Karen Henninger is a creative artist of life, a visionary visual published artist and writer whose award- winning work has been exhibited nationally and internationally. Her work defies common categorical dimensions and it is multidimensional. Her creative work includes media literacy, violence prevention and cultural environmentalism. Her latest multi-media work includes images and text fromtraditional technologies merging with digital for bookart and dvdart.
Koyannisqatsi is a native american word that means crazy life, life in turmoil, life out of balance, life disintegrating, a state of life that calls for another way of living. Godfrey Reggio is a filmmaker that created a film with no words back in the 1980s. He titled it Koyaanisqatsi. He is quoted as saying why the film has no words. “It’s because, from my point of view, our language is in a state of vast humiliation. It no longer describes the world in which we live.”
In my view, there is nothing that more succinctly articulates how, in a very core way, humans are out of touch and in conflict with the larger reality of themselves, each other, and our environment. Our manufactured images rise up as a mental block to the world we live in while we believe they are showing us our world. Manufactured texts plant stories unto the live world in a way that supplants real life for a fractionated story of it. We push to have our lives fit a story as if this was possible. We force our views of our bodies to fit constructed beliefs whether by chemical compounds or numbers by age. These descriptions block as well as facilitate our perceptions. Each construction conflicts with another as if there is only one right one.
Placing images and language together in an activity of simple construction of materials made of dots of light causes us to believe that we are seeing something cohesive and no fractionation exists when, in fact, humans have just made something that is absolutely completely fractured from anything living and real in their lives. It is a product. The unreal comes off as real. A battle for what is real then arises like kids fighting over having the building blocks all to themselves and not willing to share. Construction of complex, multidimensional realities becomes a simple 5 minute story to believe in as if there is no builder. And the technologies keep improving and the masses of images and text keep accumulating like pollution with the conflicts from this creative human activity increasing as well. Within this pollution, the increases of who can manufacture text and image has grown exponentially. Battles are being fought, lost and won in this new man-made created artificial world we live in due to our technological advances of image and text production. This is a huge part of how our way of living, the things we’ve been taught and what has been described is not aligned with the reality or truth of the larger whole physicality of our existence as well as the natural ongoing, processes of our home, our bodies, our social system, our relationships, the planet.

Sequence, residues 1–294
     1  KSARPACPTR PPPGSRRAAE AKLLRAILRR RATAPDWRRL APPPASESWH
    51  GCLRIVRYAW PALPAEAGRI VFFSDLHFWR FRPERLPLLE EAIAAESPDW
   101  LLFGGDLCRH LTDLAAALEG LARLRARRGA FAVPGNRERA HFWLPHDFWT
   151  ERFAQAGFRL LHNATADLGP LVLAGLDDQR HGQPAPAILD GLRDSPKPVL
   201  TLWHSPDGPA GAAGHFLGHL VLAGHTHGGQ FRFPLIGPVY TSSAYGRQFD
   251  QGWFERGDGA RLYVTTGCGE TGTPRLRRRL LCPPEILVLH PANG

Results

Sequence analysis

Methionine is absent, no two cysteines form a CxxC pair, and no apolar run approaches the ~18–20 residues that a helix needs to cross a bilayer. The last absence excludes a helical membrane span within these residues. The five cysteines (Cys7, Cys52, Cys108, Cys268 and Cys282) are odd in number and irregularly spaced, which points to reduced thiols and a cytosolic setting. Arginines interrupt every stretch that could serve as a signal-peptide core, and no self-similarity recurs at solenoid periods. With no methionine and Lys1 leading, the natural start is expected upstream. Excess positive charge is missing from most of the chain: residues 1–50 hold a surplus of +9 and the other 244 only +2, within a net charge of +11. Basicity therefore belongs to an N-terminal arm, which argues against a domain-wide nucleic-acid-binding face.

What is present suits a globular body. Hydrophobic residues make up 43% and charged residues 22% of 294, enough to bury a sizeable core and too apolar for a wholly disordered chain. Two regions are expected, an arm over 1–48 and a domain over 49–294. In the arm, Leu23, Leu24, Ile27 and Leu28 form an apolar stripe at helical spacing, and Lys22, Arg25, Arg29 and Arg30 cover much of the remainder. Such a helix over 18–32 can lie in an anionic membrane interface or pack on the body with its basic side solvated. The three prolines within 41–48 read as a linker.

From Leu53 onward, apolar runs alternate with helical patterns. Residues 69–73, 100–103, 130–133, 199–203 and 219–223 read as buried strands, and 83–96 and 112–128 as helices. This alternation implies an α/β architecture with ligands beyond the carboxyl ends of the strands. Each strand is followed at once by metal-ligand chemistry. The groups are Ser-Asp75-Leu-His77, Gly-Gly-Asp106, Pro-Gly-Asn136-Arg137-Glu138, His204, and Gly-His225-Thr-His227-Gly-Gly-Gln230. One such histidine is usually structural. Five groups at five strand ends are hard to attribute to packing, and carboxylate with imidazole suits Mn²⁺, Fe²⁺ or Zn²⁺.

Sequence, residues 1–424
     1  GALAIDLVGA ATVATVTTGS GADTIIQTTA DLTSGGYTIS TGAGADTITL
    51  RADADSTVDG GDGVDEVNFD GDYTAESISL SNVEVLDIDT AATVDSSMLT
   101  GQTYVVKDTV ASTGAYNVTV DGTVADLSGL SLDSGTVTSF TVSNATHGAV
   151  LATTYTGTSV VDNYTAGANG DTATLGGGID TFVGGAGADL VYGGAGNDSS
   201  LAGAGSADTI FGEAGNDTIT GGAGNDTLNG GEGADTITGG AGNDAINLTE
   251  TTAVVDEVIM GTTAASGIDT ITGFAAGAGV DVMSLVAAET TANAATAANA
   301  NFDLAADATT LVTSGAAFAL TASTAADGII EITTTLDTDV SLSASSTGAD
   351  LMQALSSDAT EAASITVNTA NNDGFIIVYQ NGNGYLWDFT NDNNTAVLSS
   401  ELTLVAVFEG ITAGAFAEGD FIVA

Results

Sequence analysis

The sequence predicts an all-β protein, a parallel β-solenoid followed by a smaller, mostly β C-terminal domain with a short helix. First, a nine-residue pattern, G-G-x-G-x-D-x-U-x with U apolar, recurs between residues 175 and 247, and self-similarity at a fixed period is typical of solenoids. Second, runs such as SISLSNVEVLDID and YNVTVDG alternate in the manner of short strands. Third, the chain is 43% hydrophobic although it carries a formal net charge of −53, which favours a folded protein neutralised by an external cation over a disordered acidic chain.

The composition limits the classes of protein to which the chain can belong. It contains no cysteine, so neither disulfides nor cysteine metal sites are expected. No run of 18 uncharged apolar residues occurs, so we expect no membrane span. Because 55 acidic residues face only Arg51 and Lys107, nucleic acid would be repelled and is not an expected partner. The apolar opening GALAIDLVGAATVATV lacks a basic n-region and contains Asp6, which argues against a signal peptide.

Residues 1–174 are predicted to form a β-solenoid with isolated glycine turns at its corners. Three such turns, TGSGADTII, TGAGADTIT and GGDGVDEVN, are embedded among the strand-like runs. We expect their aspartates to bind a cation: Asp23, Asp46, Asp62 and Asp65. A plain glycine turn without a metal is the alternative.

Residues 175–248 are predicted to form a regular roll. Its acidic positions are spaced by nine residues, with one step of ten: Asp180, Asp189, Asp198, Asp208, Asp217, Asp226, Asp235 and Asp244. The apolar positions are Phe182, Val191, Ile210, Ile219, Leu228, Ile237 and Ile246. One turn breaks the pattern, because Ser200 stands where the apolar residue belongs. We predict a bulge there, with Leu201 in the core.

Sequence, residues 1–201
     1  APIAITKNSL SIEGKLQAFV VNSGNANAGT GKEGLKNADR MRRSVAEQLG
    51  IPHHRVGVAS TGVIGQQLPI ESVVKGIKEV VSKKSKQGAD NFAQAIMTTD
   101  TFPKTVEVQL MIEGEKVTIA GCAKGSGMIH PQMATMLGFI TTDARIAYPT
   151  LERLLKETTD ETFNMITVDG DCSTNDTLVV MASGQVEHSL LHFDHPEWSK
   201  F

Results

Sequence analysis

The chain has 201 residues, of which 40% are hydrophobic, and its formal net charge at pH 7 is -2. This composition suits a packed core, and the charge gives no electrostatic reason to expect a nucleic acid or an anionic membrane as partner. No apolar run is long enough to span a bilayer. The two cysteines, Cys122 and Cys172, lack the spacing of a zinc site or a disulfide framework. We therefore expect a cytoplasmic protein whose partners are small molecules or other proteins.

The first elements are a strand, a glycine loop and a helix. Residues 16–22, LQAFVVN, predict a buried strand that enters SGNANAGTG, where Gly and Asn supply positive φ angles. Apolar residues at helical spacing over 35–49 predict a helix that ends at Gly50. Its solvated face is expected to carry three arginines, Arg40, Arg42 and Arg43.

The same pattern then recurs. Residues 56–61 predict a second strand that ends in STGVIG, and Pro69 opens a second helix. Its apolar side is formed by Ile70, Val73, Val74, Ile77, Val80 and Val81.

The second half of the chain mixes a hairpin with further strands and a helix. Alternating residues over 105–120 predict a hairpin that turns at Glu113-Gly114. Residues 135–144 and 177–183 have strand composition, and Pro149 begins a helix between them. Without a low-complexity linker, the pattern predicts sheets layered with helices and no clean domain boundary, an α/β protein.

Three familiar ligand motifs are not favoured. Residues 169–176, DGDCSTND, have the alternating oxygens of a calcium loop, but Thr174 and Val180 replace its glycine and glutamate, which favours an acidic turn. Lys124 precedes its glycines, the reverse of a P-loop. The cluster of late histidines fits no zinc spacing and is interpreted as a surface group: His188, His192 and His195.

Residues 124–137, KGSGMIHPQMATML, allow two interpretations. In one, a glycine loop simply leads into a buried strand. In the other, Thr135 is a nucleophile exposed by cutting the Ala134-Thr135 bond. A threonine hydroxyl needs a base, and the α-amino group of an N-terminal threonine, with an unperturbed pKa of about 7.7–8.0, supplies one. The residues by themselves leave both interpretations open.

At one level we all know that any text or image only captures a ‘snapshot’ – a moment in time – of a much larger, dynamic existence. On another level we take our images and texts as if they are the existence. They replace what is alive. We fail to realize that once something is written or an image captured, it is past tense and dead and has changed us as a result of it’s existence. Eventually we are living off of the dead matter and no longer living directly. We fail to comprehend what has been happening to us when what we are living in is the technology.
Does the language, images and texts you’ve been taught to use accurately describe your life today? The world we live in? Relationships you have? Have you questioned what you are saying, where you picked up the words and ideas and how old or new they are and where they come from? Do they really fit where we are now or do they just feel the most familiar and comfortable to you? Are they a piece of a snapshot taken from another time and place that fails to capture today but makes you feel secure in a belief you have. Questioning life in this way, for some, disrupts some deep securities but may actually lead to a more stable, secure world overall.